Thanks to high demand and low supply, sellers don’t have to do much to their homes to attract buyers — and often don’t. But that could change, real estate agents told Inman.

In today’s seller’s market, buyers are opting to purchase homes as-is.

Brian Rudderow, a real estate investor who flips properties in New Jersey, Florida, Colorado and Pennsylvania, recently listed a Jersey home that needed around $30,000 worth of repairs. It had an all-cash offer in 24 hours.

Brian Rudderow

“The market is extremely overinflated right now and sellers can get away with listing homes that need work while still selling them at full market value,” he wrote to Inman. “It’s pretty ridiculous what’s going on but that’s the state of what we’re dealing with. If sellers can simply clean up their house and make it look semi-livable it will sell fast with no issues.”

While there have been early signs of cooling, the housing market is still overly competitive. In June, Redfin reported that 65 percent of offers written by their agents faced bidding wars. That same month, the National Association of Realtors found that the median existing-home price in the U.S. hit $363,300, the highest on record and the 112th month straight of year-over-year home price gains.

Because homes are flying off the market for outlandish prices, sellers aren’t putting much TLC into their properties before listing them. 

Erin Madden, a Realtor in Boise, Idaho, told Inman that most sellers are skipping repairs because they know they’ll get at or over the asking price without making them.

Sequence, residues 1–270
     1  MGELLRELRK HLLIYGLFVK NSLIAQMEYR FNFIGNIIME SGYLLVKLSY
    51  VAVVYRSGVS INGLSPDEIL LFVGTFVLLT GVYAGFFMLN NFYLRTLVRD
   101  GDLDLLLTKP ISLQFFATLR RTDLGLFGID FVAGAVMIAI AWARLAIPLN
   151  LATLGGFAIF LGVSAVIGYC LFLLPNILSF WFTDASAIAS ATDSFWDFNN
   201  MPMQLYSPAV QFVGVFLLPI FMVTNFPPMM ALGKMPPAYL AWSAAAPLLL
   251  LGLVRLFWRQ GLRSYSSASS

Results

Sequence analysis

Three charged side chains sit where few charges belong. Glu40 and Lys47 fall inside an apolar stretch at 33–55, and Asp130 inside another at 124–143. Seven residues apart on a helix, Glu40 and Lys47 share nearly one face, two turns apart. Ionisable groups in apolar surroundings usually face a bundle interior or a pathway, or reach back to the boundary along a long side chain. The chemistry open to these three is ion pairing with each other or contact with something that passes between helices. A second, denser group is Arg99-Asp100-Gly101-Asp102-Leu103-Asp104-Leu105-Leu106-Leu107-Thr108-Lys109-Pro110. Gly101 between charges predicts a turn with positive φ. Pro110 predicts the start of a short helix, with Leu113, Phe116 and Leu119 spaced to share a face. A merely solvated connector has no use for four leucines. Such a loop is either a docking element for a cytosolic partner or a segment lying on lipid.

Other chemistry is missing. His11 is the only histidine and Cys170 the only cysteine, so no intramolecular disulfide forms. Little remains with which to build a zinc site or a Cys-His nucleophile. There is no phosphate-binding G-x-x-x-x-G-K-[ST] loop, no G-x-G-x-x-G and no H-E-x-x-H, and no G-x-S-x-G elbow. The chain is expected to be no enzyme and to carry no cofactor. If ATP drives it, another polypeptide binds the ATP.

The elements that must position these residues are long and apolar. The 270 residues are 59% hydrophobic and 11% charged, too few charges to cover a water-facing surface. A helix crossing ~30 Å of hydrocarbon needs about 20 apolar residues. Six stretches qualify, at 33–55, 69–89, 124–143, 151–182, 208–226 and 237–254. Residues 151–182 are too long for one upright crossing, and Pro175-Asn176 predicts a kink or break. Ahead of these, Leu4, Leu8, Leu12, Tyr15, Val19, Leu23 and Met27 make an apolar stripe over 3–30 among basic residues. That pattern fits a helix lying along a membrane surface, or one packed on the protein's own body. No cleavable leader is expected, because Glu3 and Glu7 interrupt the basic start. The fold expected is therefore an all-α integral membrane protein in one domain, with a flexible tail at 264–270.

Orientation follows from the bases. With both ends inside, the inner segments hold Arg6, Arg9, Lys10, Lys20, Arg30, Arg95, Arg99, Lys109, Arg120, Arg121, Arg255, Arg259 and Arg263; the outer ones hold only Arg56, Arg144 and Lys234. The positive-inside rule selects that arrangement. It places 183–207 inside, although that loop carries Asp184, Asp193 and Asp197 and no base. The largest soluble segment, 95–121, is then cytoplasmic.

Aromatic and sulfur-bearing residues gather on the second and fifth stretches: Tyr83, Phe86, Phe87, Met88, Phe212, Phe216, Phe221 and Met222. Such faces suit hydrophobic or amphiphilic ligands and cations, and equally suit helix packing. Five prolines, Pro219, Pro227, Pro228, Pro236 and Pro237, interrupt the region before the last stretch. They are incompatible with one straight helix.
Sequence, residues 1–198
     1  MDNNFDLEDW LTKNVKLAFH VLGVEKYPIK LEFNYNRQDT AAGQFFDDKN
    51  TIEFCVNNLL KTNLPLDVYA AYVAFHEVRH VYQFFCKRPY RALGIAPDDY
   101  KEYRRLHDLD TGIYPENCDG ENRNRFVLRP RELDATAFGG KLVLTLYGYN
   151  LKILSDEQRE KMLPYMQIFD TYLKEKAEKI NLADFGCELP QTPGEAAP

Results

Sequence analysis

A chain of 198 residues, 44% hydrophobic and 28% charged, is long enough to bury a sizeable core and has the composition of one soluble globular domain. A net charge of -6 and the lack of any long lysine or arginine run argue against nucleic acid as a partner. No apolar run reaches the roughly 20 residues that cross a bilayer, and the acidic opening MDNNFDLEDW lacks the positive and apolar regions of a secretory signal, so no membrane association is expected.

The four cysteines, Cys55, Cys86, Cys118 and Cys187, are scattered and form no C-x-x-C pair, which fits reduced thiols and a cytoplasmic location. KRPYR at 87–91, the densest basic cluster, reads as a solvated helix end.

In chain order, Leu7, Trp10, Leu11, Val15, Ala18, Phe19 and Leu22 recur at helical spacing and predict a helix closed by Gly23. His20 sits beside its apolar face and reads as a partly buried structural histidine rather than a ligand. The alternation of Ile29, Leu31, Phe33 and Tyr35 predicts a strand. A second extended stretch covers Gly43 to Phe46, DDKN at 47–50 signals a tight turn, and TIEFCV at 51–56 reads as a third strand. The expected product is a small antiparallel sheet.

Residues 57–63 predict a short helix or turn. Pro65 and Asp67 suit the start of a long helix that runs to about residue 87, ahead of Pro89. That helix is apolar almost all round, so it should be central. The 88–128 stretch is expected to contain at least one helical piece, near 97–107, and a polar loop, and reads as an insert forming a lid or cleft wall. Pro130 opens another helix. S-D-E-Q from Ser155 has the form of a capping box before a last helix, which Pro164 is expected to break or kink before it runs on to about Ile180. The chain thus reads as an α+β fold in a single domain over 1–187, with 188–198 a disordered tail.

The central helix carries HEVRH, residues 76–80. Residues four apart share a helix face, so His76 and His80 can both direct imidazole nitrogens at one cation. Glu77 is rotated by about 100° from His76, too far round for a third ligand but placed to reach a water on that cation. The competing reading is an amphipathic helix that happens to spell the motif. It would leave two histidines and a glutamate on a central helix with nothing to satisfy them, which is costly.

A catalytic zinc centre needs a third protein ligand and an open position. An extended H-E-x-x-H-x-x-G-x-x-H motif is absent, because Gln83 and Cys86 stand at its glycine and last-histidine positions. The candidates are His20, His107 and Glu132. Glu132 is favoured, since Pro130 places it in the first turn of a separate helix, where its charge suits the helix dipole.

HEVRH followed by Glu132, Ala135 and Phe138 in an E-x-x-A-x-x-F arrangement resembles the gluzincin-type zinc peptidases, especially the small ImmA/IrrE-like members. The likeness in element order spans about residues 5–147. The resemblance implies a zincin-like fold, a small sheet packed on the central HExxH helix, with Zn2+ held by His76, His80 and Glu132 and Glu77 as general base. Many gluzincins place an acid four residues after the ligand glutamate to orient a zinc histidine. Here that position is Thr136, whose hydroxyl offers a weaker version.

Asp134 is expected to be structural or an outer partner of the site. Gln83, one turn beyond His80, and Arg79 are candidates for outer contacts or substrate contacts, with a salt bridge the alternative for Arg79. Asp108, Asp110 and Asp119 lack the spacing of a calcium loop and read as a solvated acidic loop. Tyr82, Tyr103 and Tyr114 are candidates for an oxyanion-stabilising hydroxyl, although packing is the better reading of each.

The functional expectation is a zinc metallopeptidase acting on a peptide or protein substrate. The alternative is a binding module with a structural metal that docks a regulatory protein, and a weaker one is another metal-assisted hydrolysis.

Erin Madden

“The market here is such that the median home value has increased 40 percent year over year due to a critically low inventory and a mass migration of people from surrounding states,” Madden wrote to Inman. “The need to stage a home is minimal to none, the need for cosmetic repairs is non-existent. Buyers are almost forced to overlook cosmetic and minor issues when trying to purchase homes.”

Aaron Mighty, founder of Florida-based Mighty Realty, recently convinced a client to list their townhouse without making $10,000 worth of repairs. While the client was hesitant at first, the home received multiple offers the first weekend it was on the market. 

“We had planned to get the carpets cleaned during that first weekend, too, but canceled that after the showings started coming in,” he told Inman over email. “New townhome construction can actually be purchased just a few blocks away starting at $10,000 more so that goes to show that buyers aren’t deterred by an older home either. They just want a home period!”

In addition to buying homes as-is, Madden told Inman that buyers are waiving inspections or signing contracts that state the inspection is for the buyer’s information only, a trend that has been solidifying across the country for several months. 

Buyers are even forfeiting appraisals, according to Redfin and agents who spoke with Inman.